Fourth, there is no reason why patriotism has to be so heavily associated, in the minds of the young as well as adults, with military exploits, jets and missiles. Citizenship must include the duty to advance our ideals actively into practice for a better community, country and world, if peace is to prevail over war. And this obligation stems not just from a secular concern for humanity but from a belief in the brotherhood of man-" I am my brother's keeper" that is common to all major religions. It is the classic confrontation-barbarism vs. the holy ones. If patriotism has no room for deliberation, for acknowledging an individual's sense of justice and his religious principles, it will continue to close minds, stifle the dissent that has made us strong, and deter the participation of Americans who challenge in order to correct, and who question in order to answer. We need only to recall recent history in other countries where patriotism was converted into an epidemic of collective madness and destruction. A patriotism manipulated by the government asks only for a servile nod from its subjects. A new patriotism requires a thinking assent from its citizens. If patriotism is to have any "manifest destiny, it is in building a world where all mankind is our bond in peace.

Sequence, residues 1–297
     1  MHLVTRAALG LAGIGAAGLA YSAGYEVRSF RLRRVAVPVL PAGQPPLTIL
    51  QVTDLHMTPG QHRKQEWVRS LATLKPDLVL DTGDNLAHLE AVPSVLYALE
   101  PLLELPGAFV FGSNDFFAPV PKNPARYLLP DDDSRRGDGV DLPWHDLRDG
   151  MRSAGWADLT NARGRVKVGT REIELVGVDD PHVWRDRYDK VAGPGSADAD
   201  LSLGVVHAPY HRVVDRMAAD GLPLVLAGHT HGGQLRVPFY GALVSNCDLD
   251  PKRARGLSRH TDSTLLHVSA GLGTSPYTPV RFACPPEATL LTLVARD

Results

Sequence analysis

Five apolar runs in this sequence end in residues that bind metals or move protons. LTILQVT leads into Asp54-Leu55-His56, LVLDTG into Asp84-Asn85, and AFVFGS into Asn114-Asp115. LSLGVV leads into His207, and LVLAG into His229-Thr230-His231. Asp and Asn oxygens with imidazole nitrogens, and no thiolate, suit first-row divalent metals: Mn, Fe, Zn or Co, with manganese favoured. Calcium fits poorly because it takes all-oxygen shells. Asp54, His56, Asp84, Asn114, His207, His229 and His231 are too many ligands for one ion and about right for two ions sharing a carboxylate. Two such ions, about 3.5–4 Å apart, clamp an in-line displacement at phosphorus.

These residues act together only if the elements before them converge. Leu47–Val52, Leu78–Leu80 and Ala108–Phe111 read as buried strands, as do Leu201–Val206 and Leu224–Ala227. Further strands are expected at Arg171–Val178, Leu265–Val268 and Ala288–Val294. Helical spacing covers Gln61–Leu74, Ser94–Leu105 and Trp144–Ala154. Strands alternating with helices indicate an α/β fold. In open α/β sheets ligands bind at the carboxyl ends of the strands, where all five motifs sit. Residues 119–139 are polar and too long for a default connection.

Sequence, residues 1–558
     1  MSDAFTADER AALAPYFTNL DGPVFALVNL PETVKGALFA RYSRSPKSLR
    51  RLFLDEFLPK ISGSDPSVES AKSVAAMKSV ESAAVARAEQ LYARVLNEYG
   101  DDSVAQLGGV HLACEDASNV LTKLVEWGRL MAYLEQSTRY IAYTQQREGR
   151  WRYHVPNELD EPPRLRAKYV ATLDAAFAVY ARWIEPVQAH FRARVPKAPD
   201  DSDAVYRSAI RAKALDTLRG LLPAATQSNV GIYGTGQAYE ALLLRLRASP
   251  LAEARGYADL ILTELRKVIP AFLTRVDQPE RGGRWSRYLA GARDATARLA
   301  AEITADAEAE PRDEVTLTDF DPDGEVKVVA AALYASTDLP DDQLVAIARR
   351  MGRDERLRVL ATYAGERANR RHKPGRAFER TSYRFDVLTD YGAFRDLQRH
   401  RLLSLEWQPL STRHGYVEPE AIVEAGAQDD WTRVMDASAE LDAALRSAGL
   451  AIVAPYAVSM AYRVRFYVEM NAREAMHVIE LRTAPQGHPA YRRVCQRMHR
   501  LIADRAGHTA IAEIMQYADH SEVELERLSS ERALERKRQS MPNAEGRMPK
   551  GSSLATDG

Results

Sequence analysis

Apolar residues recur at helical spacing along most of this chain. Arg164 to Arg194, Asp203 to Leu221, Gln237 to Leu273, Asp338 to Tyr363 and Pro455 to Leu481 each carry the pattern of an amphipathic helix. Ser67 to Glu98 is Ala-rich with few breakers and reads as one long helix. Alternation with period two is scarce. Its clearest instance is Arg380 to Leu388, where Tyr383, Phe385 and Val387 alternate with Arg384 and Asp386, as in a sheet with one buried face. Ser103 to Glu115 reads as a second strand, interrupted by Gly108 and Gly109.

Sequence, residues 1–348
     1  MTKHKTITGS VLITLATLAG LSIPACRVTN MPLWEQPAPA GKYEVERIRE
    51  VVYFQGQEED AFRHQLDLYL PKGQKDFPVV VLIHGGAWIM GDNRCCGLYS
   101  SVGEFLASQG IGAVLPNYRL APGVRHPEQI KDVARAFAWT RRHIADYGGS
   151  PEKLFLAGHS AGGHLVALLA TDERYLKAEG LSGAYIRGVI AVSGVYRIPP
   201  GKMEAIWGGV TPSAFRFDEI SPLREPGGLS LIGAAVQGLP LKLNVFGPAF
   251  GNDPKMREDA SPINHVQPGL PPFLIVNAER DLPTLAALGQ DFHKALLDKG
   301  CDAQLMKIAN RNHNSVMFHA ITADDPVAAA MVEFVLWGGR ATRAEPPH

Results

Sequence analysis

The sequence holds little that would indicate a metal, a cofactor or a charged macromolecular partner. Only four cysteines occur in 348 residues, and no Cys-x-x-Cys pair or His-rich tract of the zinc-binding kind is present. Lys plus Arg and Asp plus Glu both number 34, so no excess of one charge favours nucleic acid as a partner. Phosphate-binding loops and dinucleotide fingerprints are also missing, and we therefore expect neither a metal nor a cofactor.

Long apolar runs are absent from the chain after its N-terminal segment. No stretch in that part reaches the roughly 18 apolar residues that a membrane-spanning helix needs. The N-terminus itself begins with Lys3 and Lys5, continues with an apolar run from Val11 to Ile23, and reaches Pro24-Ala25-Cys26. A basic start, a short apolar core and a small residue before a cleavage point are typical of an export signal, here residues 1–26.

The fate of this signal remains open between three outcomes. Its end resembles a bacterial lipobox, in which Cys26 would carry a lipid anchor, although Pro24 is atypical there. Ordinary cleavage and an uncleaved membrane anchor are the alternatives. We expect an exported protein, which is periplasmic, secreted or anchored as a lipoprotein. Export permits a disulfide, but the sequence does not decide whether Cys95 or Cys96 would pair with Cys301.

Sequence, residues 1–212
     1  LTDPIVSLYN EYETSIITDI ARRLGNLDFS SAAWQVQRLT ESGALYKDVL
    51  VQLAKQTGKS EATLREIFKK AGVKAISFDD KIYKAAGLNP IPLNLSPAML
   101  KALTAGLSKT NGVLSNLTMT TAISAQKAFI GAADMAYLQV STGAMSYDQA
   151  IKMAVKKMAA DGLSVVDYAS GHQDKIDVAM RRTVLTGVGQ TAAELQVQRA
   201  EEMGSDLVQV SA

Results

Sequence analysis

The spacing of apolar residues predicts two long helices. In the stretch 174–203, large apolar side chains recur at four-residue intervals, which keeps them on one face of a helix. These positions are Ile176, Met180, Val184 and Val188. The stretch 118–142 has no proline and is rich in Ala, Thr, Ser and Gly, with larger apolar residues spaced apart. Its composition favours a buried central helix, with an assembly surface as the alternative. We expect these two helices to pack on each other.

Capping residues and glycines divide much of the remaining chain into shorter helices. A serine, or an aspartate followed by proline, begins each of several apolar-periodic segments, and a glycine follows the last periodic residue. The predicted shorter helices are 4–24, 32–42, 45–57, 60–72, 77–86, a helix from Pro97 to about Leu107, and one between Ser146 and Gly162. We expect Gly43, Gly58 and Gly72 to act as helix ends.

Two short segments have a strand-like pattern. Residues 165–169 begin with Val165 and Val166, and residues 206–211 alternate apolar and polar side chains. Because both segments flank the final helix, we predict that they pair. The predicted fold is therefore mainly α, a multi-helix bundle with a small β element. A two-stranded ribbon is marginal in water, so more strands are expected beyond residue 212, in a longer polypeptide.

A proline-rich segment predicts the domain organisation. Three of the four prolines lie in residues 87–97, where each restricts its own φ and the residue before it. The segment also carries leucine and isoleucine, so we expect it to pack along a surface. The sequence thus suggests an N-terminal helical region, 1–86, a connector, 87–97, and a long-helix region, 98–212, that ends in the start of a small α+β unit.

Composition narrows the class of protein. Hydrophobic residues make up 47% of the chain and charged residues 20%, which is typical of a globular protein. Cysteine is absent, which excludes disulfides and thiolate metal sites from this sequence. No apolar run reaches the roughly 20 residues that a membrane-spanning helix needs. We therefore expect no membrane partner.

Ralph Nader page

Index of Website

Home Page